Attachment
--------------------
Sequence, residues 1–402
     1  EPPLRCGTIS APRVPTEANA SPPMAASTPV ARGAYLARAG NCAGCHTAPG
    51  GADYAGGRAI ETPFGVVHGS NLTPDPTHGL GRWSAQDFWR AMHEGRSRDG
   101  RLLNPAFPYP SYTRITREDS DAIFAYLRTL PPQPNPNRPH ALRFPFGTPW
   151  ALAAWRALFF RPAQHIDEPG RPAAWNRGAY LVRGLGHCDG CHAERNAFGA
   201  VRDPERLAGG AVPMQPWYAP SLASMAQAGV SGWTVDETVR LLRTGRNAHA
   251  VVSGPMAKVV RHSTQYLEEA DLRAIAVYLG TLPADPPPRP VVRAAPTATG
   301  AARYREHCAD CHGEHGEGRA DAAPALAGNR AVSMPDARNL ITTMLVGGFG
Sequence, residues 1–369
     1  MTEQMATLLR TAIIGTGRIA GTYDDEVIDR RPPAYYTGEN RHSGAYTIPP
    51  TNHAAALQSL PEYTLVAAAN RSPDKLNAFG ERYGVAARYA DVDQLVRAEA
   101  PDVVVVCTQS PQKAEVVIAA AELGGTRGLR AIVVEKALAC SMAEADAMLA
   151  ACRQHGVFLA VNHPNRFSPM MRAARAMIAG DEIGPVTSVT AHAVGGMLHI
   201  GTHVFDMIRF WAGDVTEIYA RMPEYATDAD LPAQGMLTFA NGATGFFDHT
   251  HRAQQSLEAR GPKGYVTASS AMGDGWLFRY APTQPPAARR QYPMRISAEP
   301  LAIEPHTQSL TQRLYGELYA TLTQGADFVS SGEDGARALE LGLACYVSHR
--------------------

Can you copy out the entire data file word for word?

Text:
Sequence, residues 1–402
     1  EPPLRCGTIS APRVPTEANA SPPMAASTPV ARGAYLARAG NCAGCHTAPG
    51  GADYAGGRAI ETPFGVVHGS NLTPDPTHGL GRWSAQDFWR AMHEGRSRDG
   101  RLLNPAFPYP SYTRITREDS DAIFAYLRTL PPQPNPNRPH ALRFPFGTPW
   151  ALAAWRALFF RPAQHIDEPG RPAAWNRGAY LVRGLGHCDG CHAERNAFGA
   201  VRDPERLAGG AVPMQPWYAP SLASMAQAGV SGWTVDETVR LLRTGRNAHA
   251  VVSGPMAKVV RHSTQYLEEA DLRAIAVYLG TLPADPPPRP VVRAAPTATG
   301  AARYREHCAD CHGEHGEGRA DAAPALAGNR AVSMPDARNL ITTMLVGGFG
Sequence, residues 1–369
     1  MTEQMATLLR TAIIGTGRIA GTYDDEVIDR RPPAYYTGEN RHSGAYTIPP
    51  TNHAAALQSL PEYTLVAAAN RSPDKLNAFG ERYGVAARYA DVDQLVRAEA
   101  PDVVVVCTQS PQKAEVVIAA AELGGTRGLR AIVVEKALAC SMAEADAMLA
   151  ACRQHGVFLA VNHPNRFSPM MRAARAMIAG DEIGPVTSVT AHAVGGMLHI
   201  GTHVFDMIRF WAGDVTEIYA RMPEYATDAD LPAQGMLTFA NGATGFFDHT
   251  HRAQQSLEAR GPKGYVTASS AMGDGWLFRY APTQPPAARR QYPMRISAEP
   301  LAIEPHTQSL TQRLYGELYA TLTQGADFVS SGEDGARALE LGLACYVSHR